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Healthy living beyond the physical self

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What is healthy living? Is it based on what you eat? Or, is it based on much you exercise? How do the thoughts rolling around in your head that might be lending to a negative opinion of yourself or others fit into this picture? Does spending your time thinking about what you would like to be doing as opposed to being out there doing it, or working towards it sound like a healthy habit? In the broader picture, being healthy is more than time spent at the gym and foods ingested.

Much focus is typically placed on how we look. How skinny (or not) are we? How flawless is our skin? How well-coiffed is our hair? As a result of this, much of what we hear in relation to being healthy comes in forms to trigger action based upon how we feel about ourselves in these aspects. However, let’s say you spend the requisite one hour at the gym four to five times a week, eat salads for lunch every day with a glass of water and curb the extraneous snacking, but your thoughts are constantly at battle telling you should be at the gym additional days, or you should cut back your already reasonable diet because you don’t look “good enough.” Does this sound healthy? You look great on the outside, but how is the inside doing?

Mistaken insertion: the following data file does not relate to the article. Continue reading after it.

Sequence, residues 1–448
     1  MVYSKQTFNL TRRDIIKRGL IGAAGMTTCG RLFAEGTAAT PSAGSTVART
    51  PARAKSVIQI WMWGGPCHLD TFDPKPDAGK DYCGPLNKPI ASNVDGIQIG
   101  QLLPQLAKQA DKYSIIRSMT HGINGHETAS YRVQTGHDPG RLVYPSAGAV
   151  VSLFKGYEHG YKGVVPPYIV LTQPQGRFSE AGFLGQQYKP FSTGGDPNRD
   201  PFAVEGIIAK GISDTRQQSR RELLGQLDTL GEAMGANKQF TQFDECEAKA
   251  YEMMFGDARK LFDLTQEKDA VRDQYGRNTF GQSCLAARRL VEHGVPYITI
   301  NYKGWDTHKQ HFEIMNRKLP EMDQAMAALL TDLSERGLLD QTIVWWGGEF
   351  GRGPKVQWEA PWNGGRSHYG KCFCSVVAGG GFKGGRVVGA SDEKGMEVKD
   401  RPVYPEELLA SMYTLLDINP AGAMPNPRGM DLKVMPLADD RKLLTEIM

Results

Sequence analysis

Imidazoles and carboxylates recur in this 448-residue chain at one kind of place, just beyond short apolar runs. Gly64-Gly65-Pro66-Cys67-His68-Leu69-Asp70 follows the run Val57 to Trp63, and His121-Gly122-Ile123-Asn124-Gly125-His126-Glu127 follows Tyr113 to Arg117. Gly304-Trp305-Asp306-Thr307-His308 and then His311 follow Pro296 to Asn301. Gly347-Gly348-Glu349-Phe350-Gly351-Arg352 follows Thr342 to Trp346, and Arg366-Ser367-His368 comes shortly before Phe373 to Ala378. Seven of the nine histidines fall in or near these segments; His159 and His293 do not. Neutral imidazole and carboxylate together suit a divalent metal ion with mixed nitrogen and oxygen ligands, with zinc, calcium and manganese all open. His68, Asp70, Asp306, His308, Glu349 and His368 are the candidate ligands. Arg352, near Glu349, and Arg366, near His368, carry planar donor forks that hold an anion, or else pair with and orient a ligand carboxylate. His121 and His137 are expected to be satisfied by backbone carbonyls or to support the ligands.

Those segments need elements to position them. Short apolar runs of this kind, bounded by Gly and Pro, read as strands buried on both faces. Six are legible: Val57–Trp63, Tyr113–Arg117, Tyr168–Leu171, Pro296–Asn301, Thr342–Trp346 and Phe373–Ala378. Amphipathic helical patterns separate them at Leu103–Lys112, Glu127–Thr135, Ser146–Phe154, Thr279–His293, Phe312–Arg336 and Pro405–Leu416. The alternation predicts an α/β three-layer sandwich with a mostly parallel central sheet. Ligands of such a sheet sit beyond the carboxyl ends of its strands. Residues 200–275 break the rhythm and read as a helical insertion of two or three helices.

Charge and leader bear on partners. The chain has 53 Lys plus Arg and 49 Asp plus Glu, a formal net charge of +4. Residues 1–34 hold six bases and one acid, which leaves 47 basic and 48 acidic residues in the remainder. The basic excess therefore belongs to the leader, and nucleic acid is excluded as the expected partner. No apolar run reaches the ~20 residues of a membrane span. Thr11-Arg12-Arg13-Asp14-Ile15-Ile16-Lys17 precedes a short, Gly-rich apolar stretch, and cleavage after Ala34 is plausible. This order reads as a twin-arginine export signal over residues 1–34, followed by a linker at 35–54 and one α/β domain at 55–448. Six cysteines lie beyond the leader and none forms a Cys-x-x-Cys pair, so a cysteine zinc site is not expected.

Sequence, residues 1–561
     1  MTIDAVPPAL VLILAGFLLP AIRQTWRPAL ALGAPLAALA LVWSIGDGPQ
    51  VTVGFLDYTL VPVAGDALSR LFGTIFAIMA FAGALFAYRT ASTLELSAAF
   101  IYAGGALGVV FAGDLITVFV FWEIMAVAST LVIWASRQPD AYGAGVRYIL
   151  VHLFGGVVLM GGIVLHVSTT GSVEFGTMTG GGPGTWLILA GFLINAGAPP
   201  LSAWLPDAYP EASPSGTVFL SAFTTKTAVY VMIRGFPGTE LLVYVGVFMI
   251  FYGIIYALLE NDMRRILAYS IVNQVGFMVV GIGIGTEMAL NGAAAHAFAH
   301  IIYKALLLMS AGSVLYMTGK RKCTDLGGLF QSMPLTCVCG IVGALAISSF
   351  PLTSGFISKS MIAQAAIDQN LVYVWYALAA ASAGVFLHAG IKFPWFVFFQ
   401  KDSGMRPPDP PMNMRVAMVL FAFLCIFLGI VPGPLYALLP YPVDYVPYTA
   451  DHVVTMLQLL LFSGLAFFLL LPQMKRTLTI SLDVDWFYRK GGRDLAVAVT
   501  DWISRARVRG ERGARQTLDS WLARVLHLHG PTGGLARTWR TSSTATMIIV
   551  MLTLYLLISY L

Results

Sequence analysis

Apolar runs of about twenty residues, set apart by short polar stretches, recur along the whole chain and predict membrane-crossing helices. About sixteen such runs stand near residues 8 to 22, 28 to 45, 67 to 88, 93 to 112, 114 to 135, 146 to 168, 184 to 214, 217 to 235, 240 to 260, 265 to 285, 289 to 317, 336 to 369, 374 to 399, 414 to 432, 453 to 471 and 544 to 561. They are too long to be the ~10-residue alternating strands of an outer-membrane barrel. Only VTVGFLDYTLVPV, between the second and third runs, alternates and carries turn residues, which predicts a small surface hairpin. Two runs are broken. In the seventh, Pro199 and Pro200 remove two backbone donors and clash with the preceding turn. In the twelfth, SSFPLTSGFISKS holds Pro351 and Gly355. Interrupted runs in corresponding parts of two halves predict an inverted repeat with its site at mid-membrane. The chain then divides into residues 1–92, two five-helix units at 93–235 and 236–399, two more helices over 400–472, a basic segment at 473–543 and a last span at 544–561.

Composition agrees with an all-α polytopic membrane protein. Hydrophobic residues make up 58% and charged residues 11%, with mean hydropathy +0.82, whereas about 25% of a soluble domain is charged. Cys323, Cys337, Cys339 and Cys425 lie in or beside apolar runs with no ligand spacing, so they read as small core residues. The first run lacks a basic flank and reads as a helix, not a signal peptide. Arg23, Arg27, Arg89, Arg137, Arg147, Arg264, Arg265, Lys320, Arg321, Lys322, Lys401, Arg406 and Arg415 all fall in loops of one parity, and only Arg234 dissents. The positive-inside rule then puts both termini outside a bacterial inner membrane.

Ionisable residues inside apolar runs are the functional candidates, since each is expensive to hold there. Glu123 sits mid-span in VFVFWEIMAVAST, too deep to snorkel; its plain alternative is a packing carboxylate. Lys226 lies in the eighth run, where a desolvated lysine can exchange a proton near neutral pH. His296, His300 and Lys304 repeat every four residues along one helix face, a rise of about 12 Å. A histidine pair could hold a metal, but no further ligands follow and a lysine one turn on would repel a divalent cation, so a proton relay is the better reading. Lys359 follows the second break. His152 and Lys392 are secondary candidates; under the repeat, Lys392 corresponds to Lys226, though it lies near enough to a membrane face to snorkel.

If you are combating stress, guilt, anger, resentment, or judgment towards others or yourself, this greatly takes away from your “healthy” quotient. As time is spent on the physical, consider spending ample time on mind quieting practices, assessment of any self-sabotage that may be taking place, or monitoring to realize if any residual unpleasant emotions arising from any outstanding issues visit you regularly.

Negative patterns are another aspect that warrant your attention and time. Binge eating or drinking, compulsive shopping or “acquisition” of material objects, repetition of patterns that lead you to find yourself in the same place (same relationship, same financial situation, same disappointments, or a woe is me mentality) over and over again require your intervention to be discovered, confronted, and overcome.

If you feel that in the life you are currently living you may be focusing more on the physical aspects and neglecting the intangible, mental, or emotional portions that could require some attention, then look into doing some introspection to come to the root of the issue and consider finding a way to alter it. This can be done on your own or with the aid of self-help books or online courses (www.dailyom.com is a great resource for these types of courses), a support group, with a therapist, or by confiding in a trusted friend and immediately begin orienting some of your focus inward. Even becoming aware, or having an a-ha moment can be enough to get this ball rolling in a healthy direction.

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